AI first existed as an exploratory science inside of Computer Science curriculum. Since both VR and AI are branches of Computer Science (and Software Engineering) and also can be considered a part of Electrical Engineering. Corresponding to the Computer Science AI evolution, we had 2D graphics and games that were flat in that 2D space, which evolved to 2 ½D (3D effect on a 2D device), and now we are seeing a full 3D space in recent years, as we also have seen AI applied heavily in game development. We are still grappling with such issues, for example, as how the systems are implemented, whether they are first or third person.
VR needs AI, so VR is an application of AI. It relies much on visual intelligence but as we can simulate other intelligences, we will have more compelling AI. As in games where we utilize virtual bots and eventually will involve real robots in simulated situations. This is where reality blurs with virtual reality. In the 2000’s, I worked at DeVry University and taught GSP (Game and Simulation Programming) to college students, when VR was truly in it’s infancy for games. Today, however, we see a myriad of options that are vying for market share and to become the preferred platform.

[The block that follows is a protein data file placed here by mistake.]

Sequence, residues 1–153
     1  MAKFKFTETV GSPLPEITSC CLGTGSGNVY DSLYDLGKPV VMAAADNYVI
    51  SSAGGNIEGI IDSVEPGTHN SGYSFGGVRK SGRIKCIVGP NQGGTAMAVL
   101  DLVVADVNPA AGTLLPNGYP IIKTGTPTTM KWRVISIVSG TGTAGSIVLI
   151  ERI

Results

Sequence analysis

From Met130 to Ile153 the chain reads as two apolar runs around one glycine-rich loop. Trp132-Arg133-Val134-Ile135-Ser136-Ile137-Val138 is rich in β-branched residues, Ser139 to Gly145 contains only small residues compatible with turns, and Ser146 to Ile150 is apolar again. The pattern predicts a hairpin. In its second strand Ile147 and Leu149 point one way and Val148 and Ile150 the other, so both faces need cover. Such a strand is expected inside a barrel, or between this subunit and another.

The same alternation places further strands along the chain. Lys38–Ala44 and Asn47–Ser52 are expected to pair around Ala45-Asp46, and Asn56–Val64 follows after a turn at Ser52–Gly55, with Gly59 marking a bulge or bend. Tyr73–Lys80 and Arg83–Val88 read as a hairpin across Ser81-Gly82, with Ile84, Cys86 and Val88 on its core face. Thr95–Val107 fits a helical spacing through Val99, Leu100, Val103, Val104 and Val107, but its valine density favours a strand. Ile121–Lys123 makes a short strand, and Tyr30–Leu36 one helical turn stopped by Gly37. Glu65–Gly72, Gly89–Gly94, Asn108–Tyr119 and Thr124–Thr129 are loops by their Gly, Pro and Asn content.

Utilizing VR for training and education is emerging at both the K-12 and at the college level. There are many related and complimentary technologies that will go along with virtualized environments. We are at a stage in emerging technology where Internet based software in the cloud, machine learning, big data analytics and data visualization, IoT (Internet of Things), and gamification applications are becoming accessible and educators are finding ways to incorporate these technologies into the classroom. Each of these can leverage VR in their own way.
Virtual, Augmented or Mixed Reality?
We can now see how VR systems are replicating the multimedia and hypermedia environments that we’ve been using for 20+ years involving text and hypertext, still and moving images, audio, animation and simulation.
Only some of the multimedia elements were visual, but VR systems today rely heavily on the vision sense in humans to create that reality. What is different about VR with audio than simply stereo or surround sound. When the VR is coupled with other physical and sensory aspects other than sight and sound, such as movement, olfactory senses and touch, can we really replicate reality.